The Conservation of Freshwater Ecosystem Values (CFEV) (pronounced "see-fev") program is an initiative of the Department of Primary Industries, Parks, Water and Environment (DPIPWE). Its aim is to ensure that priority freshwater values are appropriately considered in the development, management and conservation of the state's water resources.
The program has undertaken an assessment of the conservation management priorities (CMP) of all freshwater ecosystems throughout the state. Through its comprehensive audit of the state's freshwater ecosystems, the CFEV program offers the first Comprehensive, Adequate and Representative (CAR) assessment of freshwater ecosystems conducted in Australia. This gives users the rare luxury of being able to manage all freshwater ecosystems with comparable conservation management information, rather than having access to only limited data on a range of flagship ecosystems.
The CFEV program completed a statewide audit and conservation evaluation of Tasmania's freshwater-dependent ecosystems, which used existing environmental data to identify where aquatic values exist and their overall priority for conservation management. These two exercises form integral parts of the CFEV assessment framework (see below).
Overall, the aim of the CFEV assessment framework is to combine a wide range of data and expert opinion into an assessment of the conservation value of all freshwater-dependent ecosystems in Tasmania.
The scope of the audit included an assessment of rivers (including riparian vegetation), wetlands, lakes and waterbodies, saltmarshes, estuaries, karst systems and groundwater-dependent ecosystem values. Each ecosystem is considered separately and no attempt has been made to compare between them (i.e. to compare rivers with wetlands, or estuaries with lakes).
The results of the CFEV assessment are housed in the CFEV database. A comprehensive technical report , detailing the adopted methodology of the assessment framework, data limitations and results is available and supports the CFEV database.
The CFEV assessment framework
The CFEV assessment framework (shown as a flowchart below) is driven by three main components (Naturalness (N), Representativeness (R) and Distinctiveness (D)), and consisted of two key steps – the statewide audit and conservation evaluation. Every river section, wetlands, waterbody, saltmarsh, estuary and karst system in the state was 'put through' the framework in the following way to be assigned a Representative Conservation Value (RCV), Integrated Conservation Value (ICV) or Conservation Management Priority (CMP) ranking.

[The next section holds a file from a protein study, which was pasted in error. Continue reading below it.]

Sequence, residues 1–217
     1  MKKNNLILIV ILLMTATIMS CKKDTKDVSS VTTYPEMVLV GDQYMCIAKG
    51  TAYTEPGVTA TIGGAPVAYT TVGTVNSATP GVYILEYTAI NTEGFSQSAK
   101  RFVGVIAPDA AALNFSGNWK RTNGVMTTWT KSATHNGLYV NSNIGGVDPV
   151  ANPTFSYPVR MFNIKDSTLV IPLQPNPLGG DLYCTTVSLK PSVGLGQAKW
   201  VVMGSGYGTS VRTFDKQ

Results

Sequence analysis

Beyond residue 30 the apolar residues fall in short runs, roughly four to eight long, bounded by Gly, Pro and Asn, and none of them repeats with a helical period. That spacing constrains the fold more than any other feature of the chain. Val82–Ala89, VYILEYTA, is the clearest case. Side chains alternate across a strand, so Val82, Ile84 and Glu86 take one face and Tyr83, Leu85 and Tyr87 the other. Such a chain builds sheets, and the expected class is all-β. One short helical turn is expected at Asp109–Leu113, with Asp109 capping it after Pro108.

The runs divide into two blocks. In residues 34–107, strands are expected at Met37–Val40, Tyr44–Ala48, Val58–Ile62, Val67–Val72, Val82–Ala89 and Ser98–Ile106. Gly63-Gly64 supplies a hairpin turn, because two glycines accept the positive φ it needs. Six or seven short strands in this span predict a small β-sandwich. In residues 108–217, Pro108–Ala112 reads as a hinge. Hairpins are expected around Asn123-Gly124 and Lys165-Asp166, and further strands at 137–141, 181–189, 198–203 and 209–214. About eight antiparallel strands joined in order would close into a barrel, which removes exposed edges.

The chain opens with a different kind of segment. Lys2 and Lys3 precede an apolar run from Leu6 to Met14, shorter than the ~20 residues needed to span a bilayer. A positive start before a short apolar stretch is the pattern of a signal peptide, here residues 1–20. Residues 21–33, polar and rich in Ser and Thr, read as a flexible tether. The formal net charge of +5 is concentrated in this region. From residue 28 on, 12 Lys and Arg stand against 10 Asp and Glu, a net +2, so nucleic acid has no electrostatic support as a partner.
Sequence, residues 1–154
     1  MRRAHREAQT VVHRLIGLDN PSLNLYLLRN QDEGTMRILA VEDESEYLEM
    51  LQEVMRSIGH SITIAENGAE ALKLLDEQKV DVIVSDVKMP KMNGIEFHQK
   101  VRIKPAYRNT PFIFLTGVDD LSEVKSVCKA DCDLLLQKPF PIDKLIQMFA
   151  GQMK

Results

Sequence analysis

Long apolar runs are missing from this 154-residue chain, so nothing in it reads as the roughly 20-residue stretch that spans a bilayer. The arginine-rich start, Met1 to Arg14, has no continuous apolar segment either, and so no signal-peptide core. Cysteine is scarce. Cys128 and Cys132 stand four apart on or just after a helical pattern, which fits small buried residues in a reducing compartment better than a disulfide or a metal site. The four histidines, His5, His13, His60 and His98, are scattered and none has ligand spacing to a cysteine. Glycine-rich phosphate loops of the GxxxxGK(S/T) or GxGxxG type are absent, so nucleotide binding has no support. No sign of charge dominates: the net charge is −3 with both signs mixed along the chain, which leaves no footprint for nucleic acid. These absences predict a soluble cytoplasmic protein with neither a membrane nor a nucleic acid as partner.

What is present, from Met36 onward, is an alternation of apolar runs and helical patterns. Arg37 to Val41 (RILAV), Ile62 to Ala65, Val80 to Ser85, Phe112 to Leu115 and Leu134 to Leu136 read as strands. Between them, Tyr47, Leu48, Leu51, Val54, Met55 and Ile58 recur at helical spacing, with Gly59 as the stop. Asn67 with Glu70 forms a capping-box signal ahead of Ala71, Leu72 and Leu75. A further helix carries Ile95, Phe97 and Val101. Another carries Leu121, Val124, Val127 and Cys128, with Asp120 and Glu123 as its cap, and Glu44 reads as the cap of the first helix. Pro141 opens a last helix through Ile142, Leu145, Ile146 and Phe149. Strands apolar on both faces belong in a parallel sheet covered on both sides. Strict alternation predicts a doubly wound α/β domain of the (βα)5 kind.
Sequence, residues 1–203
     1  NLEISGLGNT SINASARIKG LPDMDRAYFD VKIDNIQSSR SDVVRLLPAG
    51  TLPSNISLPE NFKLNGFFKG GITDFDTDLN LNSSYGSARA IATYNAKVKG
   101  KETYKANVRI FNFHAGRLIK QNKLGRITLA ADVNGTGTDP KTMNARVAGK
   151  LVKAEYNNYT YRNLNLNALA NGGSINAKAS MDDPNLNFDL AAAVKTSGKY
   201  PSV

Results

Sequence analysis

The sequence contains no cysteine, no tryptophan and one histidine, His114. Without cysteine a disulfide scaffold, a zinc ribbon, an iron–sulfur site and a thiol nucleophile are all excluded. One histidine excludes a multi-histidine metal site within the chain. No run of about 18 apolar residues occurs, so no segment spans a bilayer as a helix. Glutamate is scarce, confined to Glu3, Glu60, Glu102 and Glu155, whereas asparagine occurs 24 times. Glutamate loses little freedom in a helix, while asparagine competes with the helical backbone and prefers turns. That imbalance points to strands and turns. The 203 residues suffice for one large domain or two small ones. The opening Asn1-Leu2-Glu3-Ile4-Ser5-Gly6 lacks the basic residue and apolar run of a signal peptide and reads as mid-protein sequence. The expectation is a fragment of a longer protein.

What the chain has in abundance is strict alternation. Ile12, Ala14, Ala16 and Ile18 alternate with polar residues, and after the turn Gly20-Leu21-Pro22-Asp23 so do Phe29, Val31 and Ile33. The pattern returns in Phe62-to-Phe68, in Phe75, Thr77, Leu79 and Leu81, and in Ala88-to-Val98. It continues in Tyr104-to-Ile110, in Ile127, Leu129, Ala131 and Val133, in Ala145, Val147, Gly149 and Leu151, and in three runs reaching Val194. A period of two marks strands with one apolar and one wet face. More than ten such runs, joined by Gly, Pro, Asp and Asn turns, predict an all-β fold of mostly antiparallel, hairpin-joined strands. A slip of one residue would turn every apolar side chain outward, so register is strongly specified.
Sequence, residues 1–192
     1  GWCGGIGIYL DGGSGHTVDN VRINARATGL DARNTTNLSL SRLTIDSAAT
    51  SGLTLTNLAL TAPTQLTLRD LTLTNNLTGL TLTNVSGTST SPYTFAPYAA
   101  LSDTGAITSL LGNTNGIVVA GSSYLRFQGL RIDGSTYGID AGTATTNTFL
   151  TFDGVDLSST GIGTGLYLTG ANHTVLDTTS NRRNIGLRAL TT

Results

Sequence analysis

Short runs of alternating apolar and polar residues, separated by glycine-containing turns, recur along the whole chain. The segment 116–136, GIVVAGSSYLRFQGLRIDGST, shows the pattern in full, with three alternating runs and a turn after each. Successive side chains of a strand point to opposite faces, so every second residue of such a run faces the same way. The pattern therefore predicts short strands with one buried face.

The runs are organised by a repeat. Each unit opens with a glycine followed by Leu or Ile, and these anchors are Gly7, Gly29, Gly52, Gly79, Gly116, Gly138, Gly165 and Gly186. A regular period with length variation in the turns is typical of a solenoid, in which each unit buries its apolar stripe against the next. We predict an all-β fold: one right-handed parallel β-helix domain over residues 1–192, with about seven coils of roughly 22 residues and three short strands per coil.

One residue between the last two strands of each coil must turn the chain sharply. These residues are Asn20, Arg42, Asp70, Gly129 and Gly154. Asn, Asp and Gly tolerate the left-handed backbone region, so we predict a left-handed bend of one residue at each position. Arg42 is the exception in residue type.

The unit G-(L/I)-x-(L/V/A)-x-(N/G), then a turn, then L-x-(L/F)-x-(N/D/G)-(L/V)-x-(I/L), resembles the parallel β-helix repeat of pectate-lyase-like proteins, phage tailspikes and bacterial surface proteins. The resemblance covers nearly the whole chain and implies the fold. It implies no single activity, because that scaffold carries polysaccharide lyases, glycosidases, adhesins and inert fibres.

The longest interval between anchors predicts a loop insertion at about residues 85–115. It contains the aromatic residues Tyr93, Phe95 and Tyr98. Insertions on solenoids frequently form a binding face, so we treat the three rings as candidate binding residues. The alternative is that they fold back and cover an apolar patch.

CFEV Assessment Flowchart
The statewide audit consisted of two assessments being conducted simultaneously. A classification was conducted to describe the pre-European physical and biological characteristics of all the ecosystem spatial units. This provided an indication of the feature's Representativeness. The condition (or Naturalness) assessment involved a range of physical and biological variables used to determine the extent to which the ecosystem feature had changed from its pre-European or natural condition.
The results of the classification and condition assessment were combined and input to the conservation evaluation. This process involved ranking each ecosystem spatial unit based on their conservation value. Conservation value was deteremined by using the results of the statewide audit in a spatial selection process to identify freshwater areas that are highly representative of its kind (as described by up to seven separate classifications), with a preference for the most natural examples. These ecosystem spatial units were given the highest Representative Conservation Value (RCV) ranking.
A second conservation value ranking was assigned to the ecosystem spatial units that took into account the presence of unique and distinct values at or near the sites (an assessment of Distinctiveness). Distinctive features of an ecosystem include a diverse assortment of 'Special Values', such as threatened flora and fauna species, important bird sites, species with important evolutionary life traits. These values were considered alongside the RCV to give an Integrated Conservation Value (ICV) ranking.
The last step of the conservation evaluation results in a Conservation Management Priority being assigned to the ecosystem spatial units. This process re-orders the conservation value rankings by including an assessment of current and future land and water management practices. For example, sites deep within National Parks are considered to be less of a priority for urgent conservation management than coastal saltmarshes on private land.
More details on what variables were used for each ecosystem theme can be found in the CFEV assessment framework summary, available here.